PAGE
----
• 2
    wow, a rare sunder. This answer has the benefit of being "drop in", and thus works with existing "structuring" libraries, in my case cattrs, without any customization. Thanks
    – toppk
    Aug 9 at 20:33

In Python 3.11 you could also use a StrEnum. Granted, you would have to replace the values with strings as well, since it keyes on the value, not name (using enum.auto() for the value is an ok solution).

import enum

class BuildType(enum.StrEnum):
    debug = "200"
    release = "400"

  • Very important to note that StrEnum.__getitem__() does NOT work like Enum.__getitem__() so for a StrEnum using BuildType["debug"] will always result in a KeyError and you have to use the syntax you've shown here with BuildType("debug") instead. This is exactly the opposite of an regular Enum that was assigned strings as the values.
    – mtalexan
    Oct 17 at 14:24

An improvement to the answer of @rogueleaderr :

class QuestionType(enum.Enum):
    MULTI_SELECT = "multi"
    SINGLE_SELECT = "single"

    def from_str(cls, label):
        if label in ('single', 'singleSelect'):
            return cls.SINGLE_SELECT
        elif label in ('multi', 'multiSelect'):
            return cls.MULTI_SELECT
            raise NotImplementedError

Change your class signature to this:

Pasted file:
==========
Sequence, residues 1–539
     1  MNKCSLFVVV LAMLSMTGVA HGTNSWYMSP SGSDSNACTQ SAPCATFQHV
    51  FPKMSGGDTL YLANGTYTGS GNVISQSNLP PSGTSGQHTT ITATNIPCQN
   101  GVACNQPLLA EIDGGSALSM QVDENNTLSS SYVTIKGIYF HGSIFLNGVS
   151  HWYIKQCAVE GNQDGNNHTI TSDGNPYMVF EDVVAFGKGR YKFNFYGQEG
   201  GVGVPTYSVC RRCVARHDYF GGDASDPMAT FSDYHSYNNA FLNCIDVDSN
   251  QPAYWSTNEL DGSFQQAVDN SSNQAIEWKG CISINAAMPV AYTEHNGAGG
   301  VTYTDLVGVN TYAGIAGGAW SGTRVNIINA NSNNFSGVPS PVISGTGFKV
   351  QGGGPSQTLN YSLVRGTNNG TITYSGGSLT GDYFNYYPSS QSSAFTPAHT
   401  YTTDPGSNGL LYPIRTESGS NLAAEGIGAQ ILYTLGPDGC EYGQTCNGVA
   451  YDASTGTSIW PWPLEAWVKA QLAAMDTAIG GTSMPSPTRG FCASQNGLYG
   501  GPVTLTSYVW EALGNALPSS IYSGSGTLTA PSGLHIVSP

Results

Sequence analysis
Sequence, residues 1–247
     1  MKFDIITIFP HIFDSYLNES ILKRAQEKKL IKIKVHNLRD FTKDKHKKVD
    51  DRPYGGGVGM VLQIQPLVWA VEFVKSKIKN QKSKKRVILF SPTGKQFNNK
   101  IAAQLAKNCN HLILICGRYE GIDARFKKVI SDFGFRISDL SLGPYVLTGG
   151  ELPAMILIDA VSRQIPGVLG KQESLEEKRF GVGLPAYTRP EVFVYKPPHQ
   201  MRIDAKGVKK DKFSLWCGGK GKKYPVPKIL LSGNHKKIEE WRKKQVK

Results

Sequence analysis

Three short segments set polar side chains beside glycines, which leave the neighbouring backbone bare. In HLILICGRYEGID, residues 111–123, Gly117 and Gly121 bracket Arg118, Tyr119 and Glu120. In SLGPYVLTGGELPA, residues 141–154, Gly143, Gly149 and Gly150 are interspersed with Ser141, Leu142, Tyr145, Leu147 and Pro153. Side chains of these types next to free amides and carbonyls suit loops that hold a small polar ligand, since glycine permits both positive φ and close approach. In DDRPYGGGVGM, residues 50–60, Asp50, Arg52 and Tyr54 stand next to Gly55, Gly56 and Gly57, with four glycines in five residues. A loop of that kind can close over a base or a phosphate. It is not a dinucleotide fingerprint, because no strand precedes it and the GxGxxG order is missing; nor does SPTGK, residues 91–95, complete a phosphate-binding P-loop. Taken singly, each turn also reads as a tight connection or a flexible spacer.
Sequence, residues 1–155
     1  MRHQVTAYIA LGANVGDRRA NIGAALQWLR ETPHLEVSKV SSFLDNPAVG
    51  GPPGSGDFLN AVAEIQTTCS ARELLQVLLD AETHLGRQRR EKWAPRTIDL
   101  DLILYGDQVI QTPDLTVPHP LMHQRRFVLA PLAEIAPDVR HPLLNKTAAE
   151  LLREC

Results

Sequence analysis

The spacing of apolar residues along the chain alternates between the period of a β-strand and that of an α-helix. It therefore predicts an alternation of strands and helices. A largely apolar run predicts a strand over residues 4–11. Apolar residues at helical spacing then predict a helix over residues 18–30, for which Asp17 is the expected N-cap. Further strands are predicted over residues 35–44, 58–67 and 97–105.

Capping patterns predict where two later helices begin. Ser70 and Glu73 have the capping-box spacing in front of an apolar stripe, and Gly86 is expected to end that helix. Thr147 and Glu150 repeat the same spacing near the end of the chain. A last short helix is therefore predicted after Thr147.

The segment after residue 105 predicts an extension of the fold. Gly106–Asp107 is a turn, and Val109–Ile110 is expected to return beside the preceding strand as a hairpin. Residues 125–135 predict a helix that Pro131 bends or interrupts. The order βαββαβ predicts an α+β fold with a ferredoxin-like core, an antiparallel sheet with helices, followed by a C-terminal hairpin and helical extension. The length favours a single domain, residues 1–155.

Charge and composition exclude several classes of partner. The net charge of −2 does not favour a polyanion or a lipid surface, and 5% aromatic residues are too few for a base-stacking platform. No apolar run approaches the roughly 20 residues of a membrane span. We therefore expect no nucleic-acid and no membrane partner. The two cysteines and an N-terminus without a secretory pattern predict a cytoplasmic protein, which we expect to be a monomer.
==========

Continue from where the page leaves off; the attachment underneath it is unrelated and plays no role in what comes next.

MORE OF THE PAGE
class BuildType(str, Enum):

See enum documentation

  • 8
    Could you add more detail? How would one then use the class?
    – Cleb
    Aug 22, 2021 at 20:38
  • 5
    The author did not further clarify. When you declare your class in this fashion, you can use the enum string values to create direct instances of the enum value. you can have A = "FIRST_VALUE" - then doing BuildType("FIRST_VALUE") will get you BuildType.A automatically. It only applies to your use case if the string values are the same as the enum name Nov 9, 2022 at 20:31

Since MyEnum['dontexist'] will result in error KeyError: 'dontexist', you might like to fail silently (eg. return None). In such case you can use the following static method:

class Statuses(enum.Enum):
    Unassigned = 1
    Assigned = 2

    def from_str(text):
        statuses = [status for status in dir(
            Statuses) if not status.startswith('_')]
        if text in statuses:
            return getattr(Statuses, text)
        return None


Getting enum instance by name

If you want to access enum members by name, use item access:

>>> from enum import Enum
>>> class Build(Enum):
...   debug = 200
...   build = 400
>>> Build['debug']
<Build.debug: 200>

It raises KeyError for unexpected name value.

Getting enum instance by value

For following Enum class, where the values are strings:

class BuildType(Enum):
    debug = 'debug'
    release = 'release'

An enumeration uses call syntax to return members by value:

>>> BuildType('debug')
<BuildType.debug: 'debug'>

It raises ValueError for unexpected value.